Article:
On Friday news emerged that the South African franchises of the Cheetahs, based in Bloemfontein, and the Kings, based in Port Elizabeth, could join the Pro12 as early as next September.
Ahead of this huge potential change, we take a look at the three major stumbling blocks surrounding this introduction.
1. Travel Issues
The trip to South Africa is a long one and could have an adverse effect on spectators watching the game live. Suppose Edinburgh are playing the Kings away on a Friday night, that’s not going to be a viable game to watch for a fan based in the Scottish capital.
There is already the trips to Italy for Celtic fans, which have shown some games do suffer in terms of travelling support. The South Africans would probably suffer the most travelling far and wide to play Scottish, Irish, Welsh and Italians. It would be a long season for the Cheetahs and Kings players, and even if the trips in Super Rugby are big, the season is much shorter.
Would this mean that the new teams would have to be based in the UK? Somewhere on the continent perhaps? Or would the Celtic-based teams have to make the huge journey to South Africa?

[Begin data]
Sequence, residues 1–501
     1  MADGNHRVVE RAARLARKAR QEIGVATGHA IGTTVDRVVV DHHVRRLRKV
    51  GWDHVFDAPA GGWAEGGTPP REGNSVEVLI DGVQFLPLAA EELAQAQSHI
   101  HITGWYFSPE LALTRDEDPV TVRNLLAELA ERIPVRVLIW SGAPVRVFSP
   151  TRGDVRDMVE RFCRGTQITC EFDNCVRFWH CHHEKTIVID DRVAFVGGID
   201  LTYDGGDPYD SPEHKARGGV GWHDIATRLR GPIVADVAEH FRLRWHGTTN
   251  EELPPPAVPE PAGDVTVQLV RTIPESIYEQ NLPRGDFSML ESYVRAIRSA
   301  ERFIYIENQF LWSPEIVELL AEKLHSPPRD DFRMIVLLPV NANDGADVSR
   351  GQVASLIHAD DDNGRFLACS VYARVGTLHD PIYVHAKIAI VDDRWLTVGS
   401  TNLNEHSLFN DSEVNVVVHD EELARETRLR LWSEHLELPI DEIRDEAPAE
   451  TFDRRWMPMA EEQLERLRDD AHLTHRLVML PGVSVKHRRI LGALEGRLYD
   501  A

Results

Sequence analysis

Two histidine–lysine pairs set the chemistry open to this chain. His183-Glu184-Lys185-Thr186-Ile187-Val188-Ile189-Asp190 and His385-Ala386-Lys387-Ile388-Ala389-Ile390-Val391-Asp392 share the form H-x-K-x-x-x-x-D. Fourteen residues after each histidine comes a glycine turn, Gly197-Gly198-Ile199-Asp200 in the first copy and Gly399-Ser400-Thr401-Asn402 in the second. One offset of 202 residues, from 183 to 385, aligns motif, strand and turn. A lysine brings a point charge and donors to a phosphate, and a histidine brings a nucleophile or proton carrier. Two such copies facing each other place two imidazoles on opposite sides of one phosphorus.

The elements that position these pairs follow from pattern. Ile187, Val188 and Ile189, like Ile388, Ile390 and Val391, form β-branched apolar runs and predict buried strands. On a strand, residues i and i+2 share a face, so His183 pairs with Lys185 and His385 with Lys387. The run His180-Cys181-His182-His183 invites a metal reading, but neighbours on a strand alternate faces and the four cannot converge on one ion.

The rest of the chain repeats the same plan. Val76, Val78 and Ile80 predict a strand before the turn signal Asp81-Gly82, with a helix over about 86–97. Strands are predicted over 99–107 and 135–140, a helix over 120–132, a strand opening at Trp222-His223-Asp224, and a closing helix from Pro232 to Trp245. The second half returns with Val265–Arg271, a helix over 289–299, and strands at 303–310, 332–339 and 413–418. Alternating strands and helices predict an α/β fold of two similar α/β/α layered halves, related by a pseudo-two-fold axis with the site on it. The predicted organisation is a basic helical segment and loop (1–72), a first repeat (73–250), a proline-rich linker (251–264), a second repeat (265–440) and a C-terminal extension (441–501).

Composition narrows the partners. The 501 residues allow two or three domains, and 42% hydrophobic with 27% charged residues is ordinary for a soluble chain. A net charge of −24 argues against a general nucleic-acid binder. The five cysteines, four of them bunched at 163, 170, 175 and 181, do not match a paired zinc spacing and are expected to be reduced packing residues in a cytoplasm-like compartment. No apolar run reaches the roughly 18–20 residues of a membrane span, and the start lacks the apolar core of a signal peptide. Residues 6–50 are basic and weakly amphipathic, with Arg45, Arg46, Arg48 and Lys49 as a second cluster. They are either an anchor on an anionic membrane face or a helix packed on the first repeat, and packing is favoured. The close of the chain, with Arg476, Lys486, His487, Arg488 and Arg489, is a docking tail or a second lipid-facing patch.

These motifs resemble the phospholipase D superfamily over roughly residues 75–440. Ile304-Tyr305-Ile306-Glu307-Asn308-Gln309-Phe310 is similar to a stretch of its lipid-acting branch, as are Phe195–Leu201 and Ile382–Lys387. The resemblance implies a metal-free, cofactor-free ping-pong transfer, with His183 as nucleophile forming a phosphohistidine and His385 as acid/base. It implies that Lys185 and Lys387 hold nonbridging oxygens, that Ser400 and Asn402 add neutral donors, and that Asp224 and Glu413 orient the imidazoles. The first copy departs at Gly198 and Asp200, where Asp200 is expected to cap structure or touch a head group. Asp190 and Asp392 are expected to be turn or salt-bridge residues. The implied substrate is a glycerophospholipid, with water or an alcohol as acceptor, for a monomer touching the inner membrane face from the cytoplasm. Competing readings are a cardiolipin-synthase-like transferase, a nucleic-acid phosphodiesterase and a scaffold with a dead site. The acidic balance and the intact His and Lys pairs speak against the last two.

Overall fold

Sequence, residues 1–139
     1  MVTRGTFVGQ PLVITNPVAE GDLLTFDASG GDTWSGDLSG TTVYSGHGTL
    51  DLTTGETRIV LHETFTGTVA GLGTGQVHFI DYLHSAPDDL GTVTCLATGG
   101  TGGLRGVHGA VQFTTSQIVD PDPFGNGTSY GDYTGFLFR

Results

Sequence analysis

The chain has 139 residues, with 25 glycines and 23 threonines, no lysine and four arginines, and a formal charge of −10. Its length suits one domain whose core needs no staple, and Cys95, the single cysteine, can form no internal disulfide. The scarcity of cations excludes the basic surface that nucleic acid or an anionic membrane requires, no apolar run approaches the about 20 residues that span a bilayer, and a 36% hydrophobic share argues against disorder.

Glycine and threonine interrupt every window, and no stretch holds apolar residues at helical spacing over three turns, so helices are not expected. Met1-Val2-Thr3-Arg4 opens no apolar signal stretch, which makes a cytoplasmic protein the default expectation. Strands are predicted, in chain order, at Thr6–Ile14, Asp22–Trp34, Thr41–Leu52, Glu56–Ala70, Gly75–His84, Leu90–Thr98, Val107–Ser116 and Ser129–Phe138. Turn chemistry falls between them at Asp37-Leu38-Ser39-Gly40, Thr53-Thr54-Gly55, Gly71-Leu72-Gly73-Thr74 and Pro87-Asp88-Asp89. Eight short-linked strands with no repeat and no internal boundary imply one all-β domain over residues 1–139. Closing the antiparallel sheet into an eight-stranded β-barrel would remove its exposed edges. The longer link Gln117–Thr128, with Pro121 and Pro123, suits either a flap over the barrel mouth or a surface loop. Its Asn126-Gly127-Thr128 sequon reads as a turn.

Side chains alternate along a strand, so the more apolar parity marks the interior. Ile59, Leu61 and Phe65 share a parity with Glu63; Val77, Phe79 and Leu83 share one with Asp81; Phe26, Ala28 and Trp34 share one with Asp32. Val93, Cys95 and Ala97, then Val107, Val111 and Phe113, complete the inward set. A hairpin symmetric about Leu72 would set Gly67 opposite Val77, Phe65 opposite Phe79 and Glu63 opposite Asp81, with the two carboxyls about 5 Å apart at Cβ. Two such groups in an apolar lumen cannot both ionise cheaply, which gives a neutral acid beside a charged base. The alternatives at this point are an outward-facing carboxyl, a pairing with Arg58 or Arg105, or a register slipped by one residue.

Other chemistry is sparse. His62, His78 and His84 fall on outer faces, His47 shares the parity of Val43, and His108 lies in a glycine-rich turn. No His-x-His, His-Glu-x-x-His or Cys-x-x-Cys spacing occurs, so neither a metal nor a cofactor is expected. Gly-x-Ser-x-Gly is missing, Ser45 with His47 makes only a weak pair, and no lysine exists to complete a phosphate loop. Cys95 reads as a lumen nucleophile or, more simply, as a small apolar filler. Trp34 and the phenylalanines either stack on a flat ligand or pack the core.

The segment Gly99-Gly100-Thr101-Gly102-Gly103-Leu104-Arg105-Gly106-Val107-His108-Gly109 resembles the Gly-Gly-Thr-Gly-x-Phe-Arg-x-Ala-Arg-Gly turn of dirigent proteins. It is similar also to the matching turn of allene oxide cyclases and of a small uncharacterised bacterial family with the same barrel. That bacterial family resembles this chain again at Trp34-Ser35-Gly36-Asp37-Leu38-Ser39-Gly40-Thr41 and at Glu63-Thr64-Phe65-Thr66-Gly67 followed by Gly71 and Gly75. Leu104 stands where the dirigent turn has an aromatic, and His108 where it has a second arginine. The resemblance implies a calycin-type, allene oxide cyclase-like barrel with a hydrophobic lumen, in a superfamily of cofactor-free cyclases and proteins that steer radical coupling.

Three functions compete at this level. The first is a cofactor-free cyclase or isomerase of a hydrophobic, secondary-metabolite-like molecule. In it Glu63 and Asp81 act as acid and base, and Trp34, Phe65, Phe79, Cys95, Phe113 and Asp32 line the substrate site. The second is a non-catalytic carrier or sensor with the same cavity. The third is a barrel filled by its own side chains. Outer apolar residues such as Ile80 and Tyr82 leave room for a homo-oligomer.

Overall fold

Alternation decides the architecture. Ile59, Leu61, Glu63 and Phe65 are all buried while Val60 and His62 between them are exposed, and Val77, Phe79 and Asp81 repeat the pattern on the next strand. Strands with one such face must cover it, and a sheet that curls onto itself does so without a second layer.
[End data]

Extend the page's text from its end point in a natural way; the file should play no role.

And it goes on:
2. Seasonal Differences
Whilst the northern hemisphere experiences winter down in South Africa they are at the height of their summer. Summer in South Africa can be extremely hot and a change in seasons would cause problems during the first season as the start of the campaign would overlap with the conclusion of the Currie Cup.
The Kings and Cheetahs contesting their home games in the summer could prove difficult and would certainly be a challenge for travelling sides to sunny South Africa.
3. European Qualification
If two South African provinces are to join the Pro12 the question of qualification into the Champions Cup arises. Would the Kings and Cheetahs be competing for qualification or would they be excluded from qualification? If they are included and constantly finishing in the top half, surely a revamp would have to be made with two teams being added and this could lead to the Challenge Cup retiring to being watered down competition filled with teams that are not going to challenge the big boys in that category such as Harlequins, Edinburgh or Castres.
If they are excluded we could see Premier Rugby and LNR kick up a fuss again about how teams can rest players if Pro12 teams only need to make the top nine places in the league to qualify for the Champions Cup.
The inclusion of the Kings and Cheetahs does look to be a financially beneficial move due to broadcasting revenue. The move through could be argued as too short-sighted when there are some significant challenges for the governing bodies to overcome.
Fred Blagden, Pundit Arena